Needless to say, a lot of people were a little unhappy. The ACL itself said that “the bigotry card…played by none other than the Prime Minister Julia Gillard and Senator Penny Wong [made] no attempt to engage with our argument. Why bother when a slur of Christians will do?” Reverend David Swan shared a similar sentiment, saying that “if Senator Wong could take a moment to engage with the argument that has been proposed rather than simply accuse people of bigotry…then perhaps a better discussion might ensue”. And Gary Bigelow, who I’m told is most definitely not related to Deuce, felt that calling someone a bigot was “divisive and inflammatory…and unworthy of a politician in this country”. Because as we all know, Australian politicians are never divisive or inflammatory, are they? *cough*

So… are any of these criticisms justified?

To answer that question, it might be helpful to revisit what a bigot actually is. According to Merriam-Webster, a bigot is “a person who is obstinately or intolerantly devoted to his or her own opinions and prejudices”. I prefer, however, the words of Oliver Wendell Holmes, who said that “The mind of a bigot is like the pupil of the eye; the more light you pour upon it, the more it will contract”.

It all comes down to open-mindedness, or, more specifically, a willingness to consider that you might be wrong. If you’re the kind of person who considers the evidence first and forms an opinion second, or if you adjust your view in light of new evidence, then you’re probably in the clear. But if you decide before you think, or you cling doggedly to your opinion as evidence to the contrary piles up around you, then, I’m sorry, but there’s a very good chance that you’re a bigot. And if your opinion is a basis for discrimination against a particular race, gender or sexuality, that “good chance” becomes a certainty.

So I guess the three people above just need to ask themselves two questions.

1
The first question is a simple one: “Does my view form the basis of discriminatory action against a race, gender or sexuality?”

Why yes, yes it does.

2
The second question is slightly harder. “Can I conceive of any evidence that could change my mind?”

Note that this isn’t asking if such evidence exists, but merely if such evidence is possible. Is it possible that same-sex marriage will not automatically lead to plagues of bestiality and incest? Is it possible it will actually increase societal cohesion, and not lead to complete moral decay? Is it conceivable that a study might show that same-sex families are as happy or happier than their heterosexual equivalents?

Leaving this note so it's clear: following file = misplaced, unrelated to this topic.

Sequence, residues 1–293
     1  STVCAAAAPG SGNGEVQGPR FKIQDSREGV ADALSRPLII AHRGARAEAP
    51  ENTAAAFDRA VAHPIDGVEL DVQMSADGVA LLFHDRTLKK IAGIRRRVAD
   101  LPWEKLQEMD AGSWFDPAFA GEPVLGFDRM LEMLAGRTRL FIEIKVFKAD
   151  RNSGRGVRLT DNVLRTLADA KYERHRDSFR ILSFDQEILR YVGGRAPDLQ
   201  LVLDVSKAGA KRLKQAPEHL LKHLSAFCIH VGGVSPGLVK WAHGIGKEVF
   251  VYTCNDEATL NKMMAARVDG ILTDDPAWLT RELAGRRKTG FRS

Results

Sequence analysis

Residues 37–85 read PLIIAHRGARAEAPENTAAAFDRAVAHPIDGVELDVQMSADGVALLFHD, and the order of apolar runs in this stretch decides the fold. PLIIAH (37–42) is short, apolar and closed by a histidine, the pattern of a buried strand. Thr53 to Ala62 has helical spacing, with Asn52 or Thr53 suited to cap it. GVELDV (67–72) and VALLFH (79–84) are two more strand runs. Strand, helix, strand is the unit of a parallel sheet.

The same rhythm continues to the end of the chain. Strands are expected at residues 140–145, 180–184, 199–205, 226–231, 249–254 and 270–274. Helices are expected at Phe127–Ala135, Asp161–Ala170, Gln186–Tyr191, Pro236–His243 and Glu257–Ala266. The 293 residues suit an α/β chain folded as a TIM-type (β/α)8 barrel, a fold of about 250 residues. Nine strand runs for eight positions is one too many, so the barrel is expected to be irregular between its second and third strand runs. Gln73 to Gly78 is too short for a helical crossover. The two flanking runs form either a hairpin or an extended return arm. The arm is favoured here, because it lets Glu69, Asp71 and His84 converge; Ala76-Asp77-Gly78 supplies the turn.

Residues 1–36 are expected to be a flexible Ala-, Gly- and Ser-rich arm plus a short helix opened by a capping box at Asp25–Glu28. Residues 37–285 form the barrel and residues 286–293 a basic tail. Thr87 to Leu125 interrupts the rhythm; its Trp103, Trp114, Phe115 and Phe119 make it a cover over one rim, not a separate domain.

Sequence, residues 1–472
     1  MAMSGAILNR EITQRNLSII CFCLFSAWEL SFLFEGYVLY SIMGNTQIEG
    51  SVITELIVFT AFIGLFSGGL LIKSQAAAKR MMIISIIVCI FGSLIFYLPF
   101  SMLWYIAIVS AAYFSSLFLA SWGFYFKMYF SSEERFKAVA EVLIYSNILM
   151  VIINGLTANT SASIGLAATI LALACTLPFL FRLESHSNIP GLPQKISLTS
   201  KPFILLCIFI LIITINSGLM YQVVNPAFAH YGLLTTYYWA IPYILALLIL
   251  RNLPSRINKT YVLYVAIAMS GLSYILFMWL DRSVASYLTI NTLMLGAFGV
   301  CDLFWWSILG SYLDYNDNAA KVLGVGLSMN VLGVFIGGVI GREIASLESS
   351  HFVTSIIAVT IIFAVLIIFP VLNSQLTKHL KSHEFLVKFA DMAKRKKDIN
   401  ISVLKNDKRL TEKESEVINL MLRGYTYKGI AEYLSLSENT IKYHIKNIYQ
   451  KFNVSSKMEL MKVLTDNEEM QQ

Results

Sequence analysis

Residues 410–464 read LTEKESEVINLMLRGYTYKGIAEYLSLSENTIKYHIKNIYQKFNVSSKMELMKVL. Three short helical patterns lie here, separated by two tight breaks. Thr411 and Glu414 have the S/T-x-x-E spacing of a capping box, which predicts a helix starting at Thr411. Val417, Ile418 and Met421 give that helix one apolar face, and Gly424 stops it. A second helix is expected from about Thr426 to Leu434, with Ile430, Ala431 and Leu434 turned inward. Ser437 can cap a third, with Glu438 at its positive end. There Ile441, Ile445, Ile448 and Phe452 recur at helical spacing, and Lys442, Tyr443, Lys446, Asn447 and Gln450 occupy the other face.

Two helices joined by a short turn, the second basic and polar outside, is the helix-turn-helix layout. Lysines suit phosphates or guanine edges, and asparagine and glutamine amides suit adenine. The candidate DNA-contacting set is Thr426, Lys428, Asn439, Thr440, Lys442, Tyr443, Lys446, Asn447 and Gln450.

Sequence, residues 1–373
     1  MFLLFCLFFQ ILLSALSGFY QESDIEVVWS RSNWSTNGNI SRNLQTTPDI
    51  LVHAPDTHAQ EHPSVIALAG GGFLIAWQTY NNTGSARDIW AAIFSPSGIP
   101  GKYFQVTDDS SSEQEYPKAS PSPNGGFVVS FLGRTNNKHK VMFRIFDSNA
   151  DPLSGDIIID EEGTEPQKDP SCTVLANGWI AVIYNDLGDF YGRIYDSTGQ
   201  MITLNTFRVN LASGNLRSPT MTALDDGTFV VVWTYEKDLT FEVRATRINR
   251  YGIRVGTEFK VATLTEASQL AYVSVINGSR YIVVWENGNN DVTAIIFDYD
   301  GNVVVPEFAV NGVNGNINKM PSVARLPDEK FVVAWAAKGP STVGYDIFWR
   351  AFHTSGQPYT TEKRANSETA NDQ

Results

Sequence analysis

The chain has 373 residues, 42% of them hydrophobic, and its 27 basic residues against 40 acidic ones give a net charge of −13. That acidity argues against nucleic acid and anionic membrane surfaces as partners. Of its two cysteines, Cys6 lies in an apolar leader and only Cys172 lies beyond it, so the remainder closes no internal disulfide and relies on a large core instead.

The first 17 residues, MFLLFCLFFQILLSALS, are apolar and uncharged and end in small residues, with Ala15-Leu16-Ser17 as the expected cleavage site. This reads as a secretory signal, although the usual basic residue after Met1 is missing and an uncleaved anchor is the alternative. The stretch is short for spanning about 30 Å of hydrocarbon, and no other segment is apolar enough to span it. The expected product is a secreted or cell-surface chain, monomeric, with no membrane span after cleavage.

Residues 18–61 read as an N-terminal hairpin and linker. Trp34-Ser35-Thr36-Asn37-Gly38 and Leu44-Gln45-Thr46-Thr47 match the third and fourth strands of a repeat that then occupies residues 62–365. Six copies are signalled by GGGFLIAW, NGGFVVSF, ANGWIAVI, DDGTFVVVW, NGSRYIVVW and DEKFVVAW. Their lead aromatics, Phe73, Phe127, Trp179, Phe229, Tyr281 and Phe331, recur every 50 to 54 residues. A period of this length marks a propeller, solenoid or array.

Sadly, the answer for many of the opponents of marriage equality seems to be “no”. But, strangely, such people are actually less infuriating than the people who answer “yes”. For, while these people will trumpet any evidence that happens to confirm their particular preconception, they will summarily dismiss any evidence that contradicts it. Say hello, Lyle Shelton.

And they do this because they have to. You see, for someone like Lyle, all these many questions are different versions of just one.

When it comes to homosexuality and marriage, could god be wrong?

And I think we all know how Lyle would answer that one.
_________

So, are you one of these people? Are you willing to consider that you, or your god, could be wrong on marriage equality? No? Then you’re a bigot.

And just like anyone called an arsehole, or a bitch, or Quincy, all you need to do now is decide if you care.

Are you qualified?

There has been a lot of talk about referendums1 lately. There is, of course, the local government referendum that has been the talk of dinner parties from Waitara to Wahroonga and everywhere in between. But all talk of that tremendously important and widely-publicised issue ceased when independent MP Tony Windsor called for a referendum on marriage equality. Christian and Muslim groups soon followed suit. Selfish bastards. I wanted to talk about local government.

So that’s what I’m going to do.

Here are all the things I know about local government in general, and the related referendum in particular:

  1. I have a local government.
  2. They make me put my bins out on Wednesday night. In my undies, too, because I never seem to remember until after I’m in bed.
  3. There may or may not be a referendum on local government on September 14.

Aaaaand I’m out. I don’t sound very qualified to vote in a referendum on local government, do I? Perhaps I should:

  1. Shelve my hatred of local government (a fairly big ask, given that they force me to drag bins around in my undies);
  2. Go and find out what the actual question is, and what the consequences of a ‘Yes’ or ‘No’ vote might be;
  3. Reach a decision based on facts, reason, and the best interests of the people who will be directly affected.

Sounds like a plan.

Actually, now that I think about it, there are a few people who probably aren’t qualified to vote in that other referendum, either. People like Fred Nile, for example. The only thing is he probably doesn’t realise it. So, Fred, if you’re listening, I’ve prepared this helpful guide to help you decide if you should bother voting should the referendum go ahead.

Referendum Eligibility (534x940)

See you on September 14, Fred. Or not.

_____________
Footnotes

  1. Or referenda. Whatever.